And I’m missing exactly how or where the brand will achieve its sales. Is it selling direct? Through wholesale? What retail channels will it sell through? How does it manage channel conflict? Or is that not part of marketing’s remit anymore at MeUndies? Does pride and purpose sort all that out magically?
And, while the brand has an impressively premium price point, I assume the CMO and his marketing team were not involved in setting it. They were just focused on performance and personalisation and left the pricing decisions to the manufacturing, sales and finance people.
The four Ps
When Jerry McCarthy completed his marketing PhD at the University of Minnesota in 1958 the discipline was at a crossroads. For decades, the discussion had been about the general role that marketing should play in the corporate world and its position as a science. It was the era of Wroe Alderson, the ‘father of modern marketing’, and a period in which the theory of the discipline was at the fore. Professor McCarthy, a former rock salesman, was a more practical thinker. When he won a Ford Foundation Fellowship to attend both Harvard and MIT in the autumn of 1959, he used part of that precious gift to write Basic Marketing – a simple, managerial guide to doing marketing well.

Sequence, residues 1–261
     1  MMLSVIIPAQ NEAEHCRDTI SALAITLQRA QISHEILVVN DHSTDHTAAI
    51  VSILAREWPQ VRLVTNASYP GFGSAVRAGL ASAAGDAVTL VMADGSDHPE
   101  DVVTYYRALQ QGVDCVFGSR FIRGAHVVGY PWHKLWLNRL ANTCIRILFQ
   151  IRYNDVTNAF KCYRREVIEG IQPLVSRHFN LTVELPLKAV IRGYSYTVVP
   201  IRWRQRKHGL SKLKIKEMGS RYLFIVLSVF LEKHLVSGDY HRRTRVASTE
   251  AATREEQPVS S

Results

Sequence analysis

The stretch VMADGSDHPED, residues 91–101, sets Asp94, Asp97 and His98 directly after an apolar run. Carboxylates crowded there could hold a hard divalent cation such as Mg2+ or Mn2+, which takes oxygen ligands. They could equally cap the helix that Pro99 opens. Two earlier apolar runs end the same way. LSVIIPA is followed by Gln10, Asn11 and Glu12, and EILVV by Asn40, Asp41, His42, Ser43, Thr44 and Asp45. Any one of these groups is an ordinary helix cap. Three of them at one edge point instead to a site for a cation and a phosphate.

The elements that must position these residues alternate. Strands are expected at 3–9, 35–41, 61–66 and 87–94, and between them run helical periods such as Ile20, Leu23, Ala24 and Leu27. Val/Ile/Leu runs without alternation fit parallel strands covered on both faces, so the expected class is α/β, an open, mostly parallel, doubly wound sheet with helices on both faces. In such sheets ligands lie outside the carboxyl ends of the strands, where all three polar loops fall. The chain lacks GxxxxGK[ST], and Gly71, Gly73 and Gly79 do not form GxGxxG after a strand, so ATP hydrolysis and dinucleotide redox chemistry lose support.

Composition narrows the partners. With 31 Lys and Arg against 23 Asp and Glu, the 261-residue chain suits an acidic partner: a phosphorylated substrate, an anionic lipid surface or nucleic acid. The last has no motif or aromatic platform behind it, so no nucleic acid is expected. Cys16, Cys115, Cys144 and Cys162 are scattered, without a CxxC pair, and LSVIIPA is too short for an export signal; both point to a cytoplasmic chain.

Central to McCarthy’s approach was the marketing mix – the four conceptual areas of marketing decision-making. It is crucial to note that the marketing mix is not the totality of marketing. McCarthy and those who followed him always meant the four Ps to represent the controllable levers that a company operates to satisfy its objectives in the marketplace.
Put more simply, the four Ps summarise the tactical considerations of what a company wants to do. When I taught MBA students I would always refer to them as the “four tactical horsemen of the marketing apocalypse”. They encompass the tactical decisions but not the steps in the marketing process upon which they are predicated – namely diagnosis and then strategy.
This point is missed by so many who have subsequently attempted to ‘fix’ the four Ps. There is often an annoyingly clear sense that those proposing improvements to the concept of the marketing mix don’t fully understand it in the first place. They add ‘process’, for example, and miss the point that the four Ps was always part of a bigger one. In Lowenstein’s case he adds ‘purpose’, a version of brand positioning that should have been tackled during the strategic phase of marketing planning and not the tactical section addressed by the four Ps.
It is unfair to single out Lowenstein, given he is only a foot solider in a giant ignorant army that has marched against one of marketing’s most established concepts over the years, in a mistaken attempt to ‘improve’ or ‘adapt’ or ‘revisit’ the four Ps. Discovering that a marketing concept is 60 years old elicits one of two possible responses. For a well-trained marketer who knows McCarthy’s work and appreciates disciplinary rigour, six decades signals robustness and consistency. But if you are a ‘modern marketer’ – low on disciplinary knowledge and unable to discern the constant evolution of tactics from the broader, unchanging nature of the marketing mission – 60 years is indicative of something that is surely out of date. They are looking around for someone to hold their disciplinary beer quicker than you can say “prepare for pointless-phrase posturing”.